A ferry between North and South Shields was running by 1377, when Shields men were forbidden to bring in fish on the ferry-boat.
Crossing The Tyne. Frank Manders and Richard Potts. 2001
When there were few bridges on the Tyne during medieval times and up to the 18th century, ferries and fords were the only alternatives for most. At places it was possible to wade across but there were obvious dangers at high tide or times of flood. The early ferries were simply a small rowing boat operated by a boatman. When Tyneside expanded in the industrial era such boats were inadequate. The development of steam power enabled a more sophisticated type of ferry carrying larger numbers of passengers, plus vehicles to be provided between North and South Shields and at other points further up river where large numbers of people, mainly workmen, needed to cross. In rural areas the ferries were still used, but bridges were increasingly to be found as these areas were developed for their minerals and toll roads expanded.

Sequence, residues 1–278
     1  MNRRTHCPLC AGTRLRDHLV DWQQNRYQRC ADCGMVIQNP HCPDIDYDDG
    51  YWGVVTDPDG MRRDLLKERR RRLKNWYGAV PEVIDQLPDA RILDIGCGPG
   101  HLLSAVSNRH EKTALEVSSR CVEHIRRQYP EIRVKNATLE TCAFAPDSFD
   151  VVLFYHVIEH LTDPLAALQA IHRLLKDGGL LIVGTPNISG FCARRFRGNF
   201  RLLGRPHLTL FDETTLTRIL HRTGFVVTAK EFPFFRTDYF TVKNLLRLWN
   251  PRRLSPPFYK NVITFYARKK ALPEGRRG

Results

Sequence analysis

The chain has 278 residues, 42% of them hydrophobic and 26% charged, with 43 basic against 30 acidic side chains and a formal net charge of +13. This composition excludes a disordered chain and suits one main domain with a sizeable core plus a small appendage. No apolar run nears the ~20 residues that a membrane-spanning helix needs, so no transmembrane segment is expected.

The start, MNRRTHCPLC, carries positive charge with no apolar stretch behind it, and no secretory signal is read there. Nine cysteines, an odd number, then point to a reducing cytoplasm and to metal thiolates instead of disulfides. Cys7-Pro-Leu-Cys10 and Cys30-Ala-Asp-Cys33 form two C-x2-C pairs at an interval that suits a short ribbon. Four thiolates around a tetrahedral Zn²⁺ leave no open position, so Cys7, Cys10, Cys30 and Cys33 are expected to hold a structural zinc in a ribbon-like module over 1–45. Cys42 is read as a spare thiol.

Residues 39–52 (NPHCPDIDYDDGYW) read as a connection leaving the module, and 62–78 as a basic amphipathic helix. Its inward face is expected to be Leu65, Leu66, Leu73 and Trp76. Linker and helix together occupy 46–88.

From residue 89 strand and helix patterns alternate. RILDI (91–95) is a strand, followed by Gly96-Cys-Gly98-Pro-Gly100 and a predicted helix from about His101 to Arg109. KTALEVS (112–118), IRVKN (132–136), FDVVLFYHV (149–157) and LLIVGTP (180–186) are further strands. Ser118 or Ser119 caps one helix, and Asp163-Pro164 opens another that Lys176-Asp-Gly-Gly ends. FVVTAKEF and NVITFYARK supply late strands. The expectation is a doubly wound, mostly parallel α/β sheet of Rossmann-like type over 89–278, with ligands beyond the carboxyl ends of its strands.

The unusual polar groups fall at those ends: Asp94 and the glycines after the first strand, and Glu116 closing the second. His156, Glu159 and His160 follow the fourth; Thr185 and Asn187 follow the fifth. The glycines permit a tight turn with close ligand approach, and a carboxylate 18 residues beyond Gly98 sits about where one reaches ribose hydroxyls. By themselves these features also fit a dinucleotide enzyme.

After the last war a pedestrian and cycle tunnel was built between Jarrow and Howden which was used by two and a quarter million people every year in the 1950s, but with the decrease of industry on the Tyne and increased car ownership and the opening of the road tunnel, this had decreased to about three hundred and fifty thousand at the turn of the 21st century. The many small ferries upriver from Newcastle have long since disappeared, although a few survived into the 1940s and even beyond. ferries upriver from Newcastle have long since disappeared, although a few survived into the 1940s and even beyond. (The Mickley ferry carried Ovington miners crossing to pits on the south side, and later for evacuees living in the Ovington chalets during wartime, then for visitors to Boydies Beach).
The road tunnel opened in 1967 has long outgrown its expected usage and an additional road tunnel is to be constructed.